Nearly ten years after SEC Rule 22c-2 went into effect, the SEC is still focused on frequent trading that negatively impacts long-term investors. While the mutual fund environment has changed significantly, and both asset management firms and distributors have worked together to comply with this regulation, I believe the intent of 22c-2 – to increase intermediary transparency and reduce the effects of market timing on long-term investors – remains as relevant as ever.
Background on SEC Rule 22c-2
With the goal of reducing the dilutive effects of short-term trading and market timing activities on long-term investors, SEC Rule 22c-2 requires:
- Fund boards impose redemption fees of up to 2%, or determine one is not necessary
- Redemption fees must be paid to the fund itself
- Funds have written agreements with its financial intermediaries that require the provision of shareholder-level transaction details
22c-2 Trade Monitoring from 2007-2010
Rule 22c-2 was passed in the wake of market timing events that led many asset managers to be conservative with their trade monitoring activities, setting relatively low dollar thresholds for review and closely monitoring all their major distributors. During the first three years of the rule, this conservative approach produced a significant number of potential violations that had no material impact on mutual funds.
As funds started realizing resources were being used to investigate potential violations with no demonstrable reduction in risk, we began seeing dollar thresholds raised and a focus shift to high-risk distributors. High-risk distributors are generally firms which focus more on moving trades, rather than coding their trading system to conform to each fund’s prospectus rule. In contrast, low-risk distributors typically code their systems to align with the fund prospectus, and actively monitor frequent trading.
In the early years of 22c-2, on the intermediary side, much of the data required for trade monitoring came from the NSCC or the intermediary in a standard data request format (SDR). Specific to 22c-2 data needs, these records contained only 150 bytes of basic trade data, and were restricted in their use. This basic trade data was strictly used for monitoring frequent trading.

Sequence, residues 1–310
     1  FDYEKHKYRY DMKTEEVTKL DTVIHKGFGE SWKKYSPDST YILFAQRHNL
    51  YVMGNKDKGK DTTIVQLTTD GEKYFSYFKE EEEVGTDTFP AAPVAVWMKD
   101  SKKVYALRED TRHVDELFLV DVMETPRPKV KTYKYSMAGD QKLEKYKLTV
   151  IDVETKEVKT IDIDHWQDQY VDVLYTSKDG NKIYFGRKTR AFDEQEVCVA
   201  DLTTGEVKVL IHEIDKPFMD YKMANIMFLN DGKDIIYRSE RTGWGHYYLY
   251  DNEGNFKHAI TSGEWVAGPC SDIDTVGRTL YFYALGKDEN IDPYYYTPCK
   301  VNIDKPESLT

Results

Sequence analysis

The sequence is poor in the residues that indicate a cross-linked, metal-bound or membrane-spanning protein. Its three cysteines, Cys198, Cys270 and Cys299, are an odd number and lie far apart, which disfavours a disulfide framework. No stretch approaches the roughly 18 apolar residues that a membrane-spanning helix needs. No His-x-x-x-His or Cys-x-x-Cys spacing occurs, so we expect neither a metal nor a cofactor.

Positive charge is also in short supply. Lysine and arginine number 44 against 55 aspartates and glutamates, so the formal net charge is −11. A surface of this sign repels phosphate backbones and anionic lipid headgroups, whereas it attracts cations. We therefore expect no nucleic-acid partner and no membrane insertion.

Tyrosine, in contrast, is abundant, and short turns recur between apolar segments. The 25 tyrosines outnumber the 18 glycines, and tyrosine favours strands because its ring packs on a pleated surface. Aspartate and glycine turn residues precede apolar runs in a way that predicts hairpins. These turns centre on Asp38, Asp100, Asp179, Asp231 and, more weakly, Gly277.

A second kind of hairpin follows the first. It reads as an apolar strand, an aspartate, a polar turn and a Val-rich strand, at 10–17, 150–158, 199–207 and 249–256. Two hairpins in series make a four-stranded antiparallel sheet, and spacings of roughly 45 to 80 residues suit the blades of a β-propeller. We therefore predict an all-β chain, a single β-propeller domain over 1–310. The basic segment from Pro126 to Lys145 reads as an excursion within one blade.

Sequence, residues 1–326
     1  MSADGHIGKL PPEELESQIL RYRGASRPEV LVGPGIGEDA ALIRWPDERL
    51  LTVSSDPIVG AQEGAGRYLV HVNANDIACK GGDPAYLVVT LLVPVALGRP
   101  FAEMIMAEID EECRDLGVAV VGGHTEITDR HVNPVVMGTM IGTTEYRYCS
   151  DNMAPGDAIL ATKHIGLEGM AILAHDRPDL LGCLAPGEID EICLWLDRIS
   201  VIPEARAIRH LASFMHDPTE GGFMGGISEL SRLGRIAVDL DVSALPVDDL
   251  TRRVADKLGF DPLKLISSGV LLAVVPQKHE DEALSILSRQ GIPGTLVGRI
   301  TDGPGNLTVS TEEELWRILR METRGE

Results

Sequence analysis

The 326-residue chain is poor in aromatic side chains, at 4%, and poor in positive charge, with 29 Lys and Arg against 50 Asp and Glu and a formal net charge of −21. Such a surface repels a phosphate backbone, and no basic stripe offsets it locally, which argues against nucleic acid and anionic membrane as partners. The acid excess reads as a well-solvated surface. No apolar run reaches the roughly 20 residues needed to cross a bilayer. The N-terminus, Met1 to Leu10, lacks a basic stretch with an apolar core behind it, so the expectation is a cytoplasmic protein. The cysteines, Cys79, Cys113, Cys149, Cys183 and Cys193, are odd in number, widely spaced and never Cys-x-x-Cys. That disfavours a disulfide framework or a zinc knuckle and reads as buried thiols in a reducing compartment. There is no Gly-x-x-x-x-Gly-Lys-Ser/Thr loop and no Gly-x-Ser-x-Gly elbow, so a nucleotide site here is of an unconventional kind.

Trade Monitoring Today
One of the effects of 22c-2 has been the reduction in the number of funds that impose redemption fees, down to 10% of eligible funds. Hedge funds, once a favored vehicle for short-term trading, have given way to ETFs, which are not covered by Rule 22c-2.
Nevertheless, trade monitoring is still a requirement of the SEC, and asset managers who eliminated redemption fees took a good look at their 22c-2 monitoring process to insure that an effective means of deterring frequent trading was in place.
There have also been changes in the data we receive from intermediaries. We now receive approximately 70% of our data in daily sales activity (DSA) files, which offer 1,632 bytes of underlying shareholder data, and are not restricted in their use, provided the asset manager and distributor have an agreement that the data can be used by the asset manager’s service providers. In 2007, Boston Financial monitored frequent trading for 19 full service clients. Today, Boston Financial services 40 clients; analyzing over 74 million subaccount transactions, and investigating more than 67 thousand potential trading violations on an annual basis.
Trade Monitoring in the Next Ten Years
Is 22c-2 trade monitoring still relevant? Absolutely. And, given the SEC’s continued goal of achieving trade transparency, there is potential for 22c-2 monitoring to expand in scope. For example:
- Distribution-in-guise guidance, released by the SEC in January 2016, offered fund boards detailed indicators of potential violations of the 12b-1 rules, which prohibit the use of fund resources to pay for distribution services outside of the 12b-1 parameters. Asset managers and their service providers can help fund boards use the information contained in the DSA and monthly position files provided by distributors who hold subaccounting records to validate subaccount service fees and rights of accumulation.
- As part of proposed liquidity risk management reforms for both mutual funds and ETFs, the SEC has rekindled the idea of using “swing pricing” during periods of market volatility to deter excessive trading by passing on the costs stemming from spikes in purchase or redemption activity to the shareholders associated with that activity. This initiative reaffirms the SEC’s focus on excessive trading.
As part of its mandatory review of 22c-2, the SEC invites comments from the public on whether the rules should be continued without change, or should be amended or rescinded to minimize any significant economic impact of the rules upon a substantial number of such small entities. This comment period will close Thursday, October 20, 2016. I look forward to reading the text of the full review, and learning how it might be adapted to meet the changing demands of the regulatory environment.